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Centers for Disease Control and Prevention

Influenza Summary Update
(for the week ending April 15, 2000--Week 15)

The following information may be quoted:

Synopsis: During week 15 (April 9 through April 15), 1% of specimens tested by WHO and NREVSS laboratories for influenza were positive. No state or territorial epidemiologist reported widespread or regional influenza activity. The proportion of patient visits to sentinel physicians for influenza-like illness was within baseline levels of 0% to 3% in the United States overall and in all 9 surveillance regions. The proportion of deaths attributed to pneumonia and influenza was 7.2%. This percentage is equal to the epidemic threshold for week 15.

During the current season, the overall national percentage of respiratory specimens positive for influenza peaked at 33% during week 51. During the previous 3 years (1996-97, 1997-98, and 1998-99), the peak percentages of respiratory specimens testing positive for influenza viruses ranged from 28% to 34%. For this season, the percentage of overall patient visits for influenza-like illness peaked at 6% during week 52. During the previous 3 years, the peak percentages for such visits ranged between 5% and 7%. The proportion of deaths attributed to pneumonia and influenza (P&I) peaked at 11.2% during week 3. During the previous 3 years, P&I mortality levels peaked between 8.8% and 9.1%. This season's P&I figures must be interpreted with caution because important changes have taken place in this year's case definition that may be contributing to higher estimates of P&I mortality than in previous years.

U.S. World Health Organization (WHO) and National Respiratory and Enteric Virus Surveillance System (NREVSS) Collaborating Laboratory Reports*: During week 15, WHO and NREVSS laboratories tested 228 specimens for influenza viruses and 2 (1%) were positive. Both isolates were influenza A(H1N1) viruses.

Since October 3, WHO and NREVSS laboratories have tested a total of 87,567 respiratory specimens for influenza viruses, and 13,599 (16%) were positive. Of the positive results, 13,539 (99.6%) were influenza type A and 60 (0.4%) were influenza type B. Of the 13,539 influenza A viruses, 3,730 (28%) have been subtyped and 3,620 (97%) were A(H3N2) and 110 (3%) were A(H1N1). Influenza A(H1N1) viruses have been reported by WHO and NREVSS laboratories from all regions. Of the 110 influenza A(H1N1) viruses reported, 96 (87%) have been identified since the beginning of February.

Antigenic Characterization of Viral Isolates: CDC has antigenically characterized 582 influenza viruses received from U.S. laboratories since October 1. Of the 474 influenza A(H3N2) viruses tested, 458 (97%) were similar to the vaccine strain A/Sydney/05/97 and 16 (3%) showed somewhat reduced titers to ferret antisera produced against A/Sydney/05/97. All 27 of the influenza B viruses antigenically characterized were similar to B/Beijing/184/93, which is represented in the current vaccine by B/Yamanashi/166/98. Of the 81 influenza A(H1N1) viruses antigenically characterized, 1 was similar to A/Beijing/262/95, the H1N1 component of the current vaccine, 26 were similar to A/Bayern/07/95, and 54 were more closely related to the antigenic variant A/New Caledonia/20/99. A/Bayern/07/95-like viruses are antigenically distinct from the A/Beijing/262/95-like viruses; however, the A/Beijing/262/95 vaccine strain produces high titers of antibody that cross-react with A/Bayern/07/95-like viruses.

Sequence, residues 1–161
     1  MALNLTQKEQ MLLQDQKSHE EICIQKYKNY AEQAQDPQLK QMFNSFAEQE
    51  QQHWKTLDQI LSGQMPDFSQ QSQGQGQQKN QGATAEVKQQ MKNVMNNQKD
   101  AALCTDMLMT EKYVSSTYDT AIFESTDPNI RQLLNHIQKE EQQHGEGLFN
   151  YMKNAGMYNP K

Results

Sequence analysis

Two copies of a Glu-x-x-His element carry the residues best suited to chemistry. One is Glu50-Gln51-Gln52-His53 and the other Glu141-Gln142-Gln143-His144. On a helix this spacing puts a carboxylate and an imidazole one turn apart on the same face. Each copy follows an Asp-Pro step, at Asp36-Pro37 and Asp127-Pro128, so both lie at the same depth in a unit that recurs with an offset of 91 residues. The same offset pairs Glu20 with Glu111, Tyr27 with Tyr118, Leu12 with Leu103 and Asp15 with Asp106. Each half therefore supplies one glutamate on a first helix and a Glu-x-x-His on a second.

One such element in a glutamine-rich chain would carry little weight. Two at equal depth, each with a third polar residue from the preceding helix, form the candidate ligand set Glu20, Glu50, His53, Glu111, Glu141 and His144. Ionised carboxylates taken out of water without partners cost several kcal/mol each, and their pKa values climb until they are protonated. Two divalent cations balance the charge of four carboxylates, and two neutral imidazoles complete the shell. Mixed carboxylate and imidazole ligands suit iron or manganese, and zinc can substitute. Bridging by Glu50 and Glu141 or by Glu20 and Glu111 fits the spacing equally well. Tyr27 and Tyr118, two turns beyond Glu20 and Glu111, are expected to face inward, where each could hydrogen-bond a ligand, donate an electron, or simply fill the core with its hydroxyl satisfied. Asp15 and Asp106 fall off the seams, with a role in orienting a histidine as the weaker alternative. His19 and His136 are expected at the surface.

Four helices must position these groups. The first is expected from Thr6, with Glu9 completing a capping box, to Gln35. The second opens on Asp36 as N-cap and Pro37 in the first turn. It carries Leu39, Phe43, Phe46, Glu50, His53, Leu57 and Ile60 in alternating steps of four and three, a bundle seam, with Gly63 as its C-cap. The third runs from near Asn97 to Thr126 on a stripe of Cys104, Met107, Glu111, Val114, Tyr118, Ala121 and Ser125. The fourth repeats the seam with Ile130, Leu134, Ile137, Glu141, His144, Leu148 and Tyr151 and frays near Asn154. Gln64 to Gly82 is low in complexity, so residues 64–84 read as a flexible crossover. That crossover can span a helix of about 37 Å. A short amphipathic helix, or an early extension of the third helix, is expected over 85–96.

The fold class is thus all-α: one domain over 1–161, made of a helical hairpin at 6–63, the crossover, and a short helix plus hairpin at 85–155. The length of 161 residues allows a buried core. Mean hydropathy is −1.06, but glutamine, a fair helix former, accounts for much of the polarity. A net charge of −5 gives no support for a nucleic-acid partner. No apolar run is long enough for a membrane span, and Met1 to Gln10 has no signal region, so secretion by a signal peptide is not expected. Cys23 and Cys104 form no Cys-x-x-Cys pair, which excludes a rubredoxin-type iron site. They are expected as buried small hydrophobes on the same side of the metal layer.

Pneumonia and Influenza Mortality*: During week 15, the proportion of deaths due to pneumonia and influenza as reported by the vital statistics offices of 122 U.S. cities was 7.2%. This percentage is equal to the epidemic threshold for week 15. The percentage of pneumonia and influenza deaths has exceeded threshold values for this time of year for 28 of the past 30 weeks. Whether this increase in the percentage of pneumonia and influenza deaths is due to influenza activity, respiratory illness due to some other pathogen, or reporting changes in the 122 Cities Mortality Reporting System is unknown. However, because these changes include a revision of the reporting case definition, the current increase in pneumonia and influenza mortality should be interpreted with caution.

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Influenza Activity as Assessed by State and Territorial Epidemiologists**: During week 15, influenza activity was reported as sporadic in 11 states. Thirty-seven states reported no influenza activity and 2 states did not report. No state reported regional or widespread activity.

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Influenza Morbidity Reports from U.S. Sentinel Physicians*: During week 15, less than 1% of patient visits to U.S. sentinel physicians were due to influenza-like illness (ILI). The percentage of ILI was within baseline levels of 0% to 3% in all 9 surveillance regions.

*Reporting is incomplete for this week, so numbers and percentages may change as more reports are received.

**Influenza activity is defined as influenza-like illness and/or culture-confirmed influenza.

Report prepared: April 21, 2000

National Center for Infectious Diseases
Centers for Disease Control and Prevention
Atlanta, GA

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